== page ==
First drive: Audi Q5 35 TDI drive
Audi has gone the whole hog to make the second-generation Q5 better in all respects, or so they say. What is it like to drive though?
If you thought the Q7 is too big, which it is, and the Q3 a bit too small, that sort of leaves you with the few options. If you happen to be an Audi loyalist you have one option – the Q5. And it’s been missing in action over the past few months. The reason, well, Audi was getting the second-generation version in order for 2018. This has been quite the success story for Audi, with every third Quattro-equipped car sold being a Q5. No pressure then. This just has to be done perfectly to fill in its predecessor’s rather large shoes.
Is it really all-new?
Yes, it is. Unlike a lot of cars that change a couple of lines on the exterior or are more focussed and have little more than new lamps, the Q5 is properly all new. It is now based on the MLB EVO platform, the same one that the Q7 is based on. This has allowed the engineers to make a car that is longer, wider and taller than the previous one, but weighs in 65 kilos lighter as well. Head on is possibly its best angle with the humongous grille taking centrestage. Flanked by stylish new headlamps, it makes the Q5 look rather grown up and sort of mimics the presence of a Q7. Not a bad thing, some would say. In profile, however, the Q5 continues to look familiar with the roofline sloping into a gentle curve at the rear. The wheel arches are more flared now and there is a sharper crease along the shoulder line, but they aren’t the most apparent. Tail-lamps are more easily distinguished though.
What changes on the inside?
A lot, would be the easy way of putting it. This cabin is in line with contemporary Audis. You get a redesigned steering wheel along with, what is now common, a virtual cockpit. The massive screen that makes up the instrument cluster now offers an uncluttered view of essential information at a glance. You could set it to vehicle information, the playlist you are listening to, the phone you have paired it with or the route you are navigating. There’s also the 8.3-inch screen that sits as a part of the central console. Other features like a touchpad that recognises handwriting, MMI controls and a phone box to wirelessly charge your device have also made their way to the new Q5’s cabin. Moreover, a longer wheelbase has freed up more space for the passengers with good legroom in the rear bench too. Don’t miss the sizeable boot either, which will happily swallow a family’s luggage for a long road trip.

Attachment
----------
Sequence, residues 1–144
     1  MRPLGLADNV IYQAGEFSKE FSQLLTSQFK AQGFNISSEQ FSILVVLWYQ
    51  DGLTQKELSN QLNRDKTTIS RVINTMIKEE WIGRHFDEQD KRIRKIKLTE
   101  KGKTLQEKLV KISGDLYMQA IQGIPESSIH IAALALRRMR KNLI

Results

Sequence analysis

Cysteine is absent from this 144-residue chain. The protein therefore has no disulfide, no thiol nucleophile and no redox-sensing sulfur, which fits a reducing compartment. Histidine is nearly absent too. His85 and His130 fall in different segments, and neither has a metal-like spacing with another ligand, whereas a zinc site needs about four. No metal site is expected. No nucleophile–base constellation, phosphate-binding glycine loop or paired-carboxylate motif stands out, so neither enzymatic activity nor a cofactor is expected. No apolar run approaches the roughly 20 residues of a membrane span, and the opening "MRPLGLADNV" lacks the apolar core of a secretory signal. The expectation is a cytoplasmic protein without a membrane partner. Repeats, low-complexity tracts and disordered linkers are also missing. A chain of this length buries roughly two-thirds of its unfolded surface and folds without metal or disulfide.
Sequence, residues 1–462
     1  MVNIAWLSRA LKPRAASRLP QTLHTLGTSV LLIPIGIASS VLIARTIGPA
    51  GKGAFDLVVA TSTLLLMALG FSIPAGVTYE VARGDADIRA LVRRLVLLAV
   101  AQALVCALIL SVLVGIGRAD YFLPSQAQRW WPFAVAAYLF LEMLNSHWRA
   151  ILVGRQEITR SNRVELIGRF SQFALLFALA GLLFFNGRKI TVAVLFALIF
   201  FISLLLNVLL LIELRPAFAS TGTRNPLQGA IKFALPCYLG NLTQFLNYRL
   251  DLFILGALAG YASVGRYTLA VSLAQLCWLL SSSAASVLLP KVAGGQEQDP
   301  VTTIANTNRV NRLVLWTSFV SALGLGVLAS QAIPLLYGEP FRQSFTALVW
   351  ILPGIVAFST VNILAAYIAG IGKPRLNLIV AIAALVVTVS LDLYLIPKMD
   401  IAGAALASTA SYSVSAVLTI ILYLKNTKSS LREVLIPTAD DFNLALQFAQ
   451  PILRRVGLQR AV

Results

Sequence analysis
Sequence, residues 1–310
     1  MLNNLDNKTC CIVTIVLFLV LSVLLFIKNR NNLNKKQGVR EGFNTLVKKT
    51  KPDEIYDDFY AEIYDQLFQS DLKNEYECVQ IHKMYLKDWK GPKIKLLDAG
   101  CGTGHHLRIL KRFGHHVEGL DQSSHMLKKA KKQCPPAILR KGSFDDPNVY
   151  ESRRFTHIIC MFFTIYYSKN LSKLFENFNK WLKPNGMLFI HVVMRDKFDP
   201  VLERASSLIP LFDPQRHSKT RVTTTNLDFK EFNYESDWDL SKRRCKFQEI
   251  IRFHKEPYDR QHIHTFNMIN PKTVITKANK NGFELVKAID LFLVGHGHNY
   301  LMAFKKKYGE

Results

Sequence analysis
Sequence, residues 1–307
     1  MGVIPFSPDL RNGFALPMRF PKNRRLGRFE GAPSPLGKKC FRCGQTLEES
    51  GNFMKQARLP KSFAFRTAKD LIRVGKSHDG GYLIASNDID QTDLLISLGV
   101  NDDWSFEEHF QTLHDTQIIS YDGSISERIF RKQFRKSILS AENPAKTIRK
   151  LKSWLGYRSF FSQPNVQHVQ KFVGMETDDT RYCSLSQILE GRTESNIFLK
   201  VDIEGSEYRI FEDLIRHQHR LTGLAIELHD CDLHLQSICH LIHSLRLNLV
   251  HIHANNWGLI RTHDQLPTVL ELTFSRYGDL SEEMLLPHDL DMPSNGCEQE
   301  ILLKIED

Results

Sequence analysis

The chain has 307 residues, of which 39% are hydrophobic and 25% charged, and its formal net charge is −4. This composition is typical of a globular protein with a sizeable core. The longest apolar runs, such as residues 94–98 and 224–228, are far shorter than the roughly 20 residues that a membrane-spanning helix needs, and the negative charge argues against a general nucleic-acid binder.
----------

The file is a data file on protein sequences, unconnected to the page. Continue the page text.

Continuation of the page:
Does it behave well on the go?
I’ll be honest with you, this wasn’t the longest drive that we’ve been on and the roads in Rajasthan tend to be quite flattering. However, there were a few towns, villages and off-road sections that we needed to get past and the Q5 felt perfectly composed through all of it. In ‘comfort’, it offers an unruffled ride and isn’t too harsh in ‘dynamic’ either. We didn’t really have time to try the off-road mode, but that isn’t really what you would buy a Q5 for anyway. There is distinct difference in power delivery and shift points though with ‘dynamic’ offering to hold much higher revs. Audi claims the Q5, with its 2.0-litre TDI, will clock 100kph in 7.9 seconds and given the way the 190 horsepower is delivered, we would tend to agree. Combine that with the superbly smooth 7-speed DSG and the Q5 feels almost effortless. In fact, it can happily tick over at a paltry 1500 revs while you cruise at triple-digit speeds. What I would’ve liked though is some more feedback from the steering wheel. Audis are generally light to steer, but the Q5 feels especially so with only a marginal difference in feel registering once you select ‘dynamic’.
Should I get one?
As good as the Q5 is, this is a particularly tough question. We love the Mercedes GLC and the Volvo XC60 seems to be a formidable rival currently. There is a lot that will depend on the numbers that Audi decide to fill into the empty price bracket. There is little doubt that the car itself has a lot to offer. The new cabin, space and engine all work in its favour. From the front, it is quite a handsome design too. Where it misses out is absolute driving feel that an enthusiast may look for. But, as a family car, it certainly ticks all the right boxes and delivers in a ‘yes sir’ sort of way.
Price: 55 lakh (estd. ex-showroom)
Engine: 2.0-litre TDI
Transmission: 7-speed DSG